NSF is structured much like an IHE with divisions/offices for the various disciplines and fields of science and engineering and for STEM education. NSF also uses a variety of management mechanisms to coordinate research in areas that cross traditional disciplinary boundaries. The Foundation is assisted by advisors from the scientific and engineering communities who serve on formal committees or as ad hoc reviewers of proposals. This advisory system, which focuses on both program directions and specific proposals, involves approximately 50,000 scientists and engineers each year. NSF staff members who are experts in a certain field or area make award recommendations; Principal Investigators (PIs) receive unattributed verbatim copies of peer reviews.

Recipients are wholly responsible for conducting their project activities and preparing the results for publication. Thus, the Foundation does not assume responsibility for such findings or their interpretation.

NSF has Telecommunications Device for the Deaf (TDD) and Federal Information Relay Service (FIRS) capabilities that enable individuals with hearing or speech impairments to communicate with the Foundation about NSF programs, employment, or general information.  TDD may be accessed at (703) 292-5090 and (800) 281-8749, FIRS at (800) 877-8339.

The NSF Information Center may be reached at (703) 292-5111.

The Proposal & Award Policies & Procedures Guide (PAPPG) is comprised of documents relating to the Foundation's proposal and award process for the assistance programs of NSF. The PAPPG, in conjunction with the applicable standard award conditions incorporated by reference in the award[2], serve as the Foundation’s implementation of 2 CFR §200, Uniform Administrative Requirements, Cost Principles, and Audit Requirements for Federal Awards. If the PAPPG and the award conditions are silent on a specific area covered by 2 CFR §200, the requirements specified in 2 CFR §200 must be followed.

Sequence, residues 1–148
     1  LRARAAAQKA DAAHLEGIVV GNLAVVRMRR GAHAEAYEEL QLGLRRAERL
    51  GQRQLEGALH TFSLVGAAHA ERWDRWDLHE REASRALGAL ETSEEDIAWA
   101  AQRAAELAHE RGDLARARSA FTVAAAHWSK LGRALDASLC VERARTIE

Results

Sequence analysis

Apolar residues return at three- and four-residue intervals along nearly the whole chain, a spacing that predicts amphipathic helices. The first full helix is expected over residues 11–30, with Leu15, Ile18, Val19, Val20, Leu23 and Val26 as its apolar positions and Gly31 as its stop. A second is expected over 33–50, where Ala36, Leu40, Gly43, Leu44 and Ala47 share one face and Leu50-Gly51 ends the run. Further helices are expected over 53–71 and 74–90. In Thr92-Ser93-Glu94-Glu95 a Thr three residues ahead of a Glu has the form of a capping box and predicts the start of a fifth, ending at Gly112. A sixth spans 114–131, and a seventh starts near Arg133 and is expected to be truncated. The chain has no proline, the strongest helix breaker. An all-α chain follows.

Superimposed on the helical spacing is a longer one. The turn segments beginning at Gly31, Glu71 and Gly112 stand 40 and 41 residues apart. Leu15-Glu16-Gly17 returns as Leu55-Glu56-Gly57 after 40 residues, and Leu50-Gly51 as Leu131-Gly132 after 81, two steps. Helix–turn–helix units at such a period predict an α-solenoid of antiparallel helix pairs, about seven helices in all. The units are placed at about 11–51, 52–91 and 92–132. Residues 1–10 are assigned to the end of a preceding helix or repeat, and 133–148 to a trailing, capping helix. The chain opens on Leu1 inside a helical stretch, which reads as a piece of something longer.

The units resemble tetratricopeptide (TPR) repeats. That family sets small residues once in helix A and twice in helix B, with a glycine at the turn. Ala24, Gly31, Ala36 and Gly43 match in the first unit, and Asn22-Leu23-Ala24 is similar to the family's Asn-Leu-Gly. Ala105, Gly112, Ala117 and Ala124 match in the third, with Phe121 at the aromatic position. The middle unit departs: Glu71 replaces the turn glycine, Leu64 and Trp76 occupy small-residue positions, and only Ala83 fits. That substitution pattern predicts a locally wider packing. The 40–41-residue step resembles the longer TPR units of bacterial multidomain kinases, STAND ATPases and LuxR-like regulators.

It has been designed for use by both our customer community and NSF staff and consists of two parts:

  • Part I sets forth NSF’s proposal preparation and submission guidelines. The coverage provides guidancefor the preparation and submission of proposals to NSF. Some NSF programs have program solicitations that modify the general provisions of the PAPPG, and, in such cases, the guidelines provided in the solicitation must be followed.
    The policy and procedural guidance contained in the NSF Application Guide should be followed when preparing and submitting proposals to NSF via
  • Part II of the NSF PAPPG sets forth NSF policies and procedures regarding the award, administration, and monitoring of the Foundation’s grants and cooperative agreements. Coverage includes the NSF award process, from issuance and administration of an NSF award through closeout. Guidance is provided regarding other award requirements or considerations that either are not universally applicable or do not follow the award cycle. Part II also implements other Public Laws, Executive Orders (E.O.) and other directives insofar as they apply to awards and is issued pursuant to the authority of Section 11(a) of the NSF Act (42 USC §1870). When NSF award general terms and conditions or an award notice reference a particular section of the PAPPG, then that section becomes part of the award requirements through incorporation by reference.